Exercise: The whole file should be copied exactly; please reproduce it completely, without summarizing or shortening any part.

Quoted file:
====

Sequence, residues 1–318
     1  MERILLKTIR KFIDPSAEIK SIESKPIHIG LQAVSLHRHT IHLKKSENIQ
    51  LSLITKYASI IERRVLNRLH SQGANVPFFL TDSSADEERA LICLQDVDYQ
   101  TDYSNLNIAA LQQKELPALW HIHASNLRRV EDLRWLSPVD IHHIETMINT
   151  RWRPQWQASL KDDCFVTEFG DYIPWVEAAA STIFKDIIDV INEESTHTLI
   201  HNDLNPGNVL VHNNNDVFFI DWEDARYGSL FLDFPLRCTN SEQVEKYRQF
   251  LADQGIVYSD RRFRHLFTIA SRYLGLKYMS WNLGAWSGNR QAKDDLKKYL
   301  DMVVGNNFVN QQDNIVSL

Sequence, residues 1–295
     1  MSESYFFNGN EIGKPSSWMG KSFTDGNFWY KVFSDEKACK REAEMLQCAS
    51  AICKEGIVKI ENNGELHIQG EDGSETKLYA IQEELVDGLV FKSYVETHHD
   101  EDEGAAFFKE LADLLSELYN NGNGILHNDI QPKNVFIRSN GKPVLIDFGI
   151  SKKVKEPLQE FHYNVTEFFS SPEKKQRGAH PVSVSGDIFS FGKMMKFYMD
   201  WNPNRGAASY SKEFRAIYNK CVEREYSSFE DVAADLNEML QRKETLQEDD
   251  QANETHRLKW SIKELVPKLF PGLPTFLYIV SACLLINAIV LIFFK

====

Sequence, residues 1–318
     1  MERILLKTIR KFIDPSAEIK SIESKPIHIG LQAVSLHRHT IHLKKSENIQ
    51  LSLITKYASI IERRVLNRLH SQGANVPFFL TDSSADEERA LICLQDVDYQ
   101  TDYSNLNIAA LQQKELPALW HIHASNLRRV EDLRWLSPVD IHHIETMINT
   151  RWRPQWQASL KDDCFVTEFG DYIPWVEAAA STIFKDIIDV INEESTHTLI
   201  HNDLNPGNVL VHNNNDVFFI DWEDARYGSL FLDFPLRCTN SEQVEKYRQF
   251  LADQGIVYSD RRFRHLFTIA SRYLGLKYMS WNLGAWSGNR QAKDDLKKYL
   301  DMVVGNNFVN QQDNIVSL

Sequence, residues 1–295
     1  MSESYFFNGN EIGKPSSWMG KSFTDGNFWY KVFSDEKACK REAEMLQCAS
    51  AICKEGIVKI ENNGELHIQG EDGSETKLYA IQEELVDGLV FKSYVETHHD
   101  EDEGAAFFKE LADLLSELYN NGNGILHNDI QPKNVFIRSN GKPVLIDFGI
   151  SKKVKEPLQE FHYNVTEFFS SPEKKQRGAH PVSVSGDIFS FGKMMKFYMD
   201  WNPNRGAASY SKEFRAIYNK CVEREYSSFE DVAADLNEML QRKETLQEDD
   251  QANETHRLKW SIKELVPKLF PGLPTFLYIV SACLLINAIV LIFFK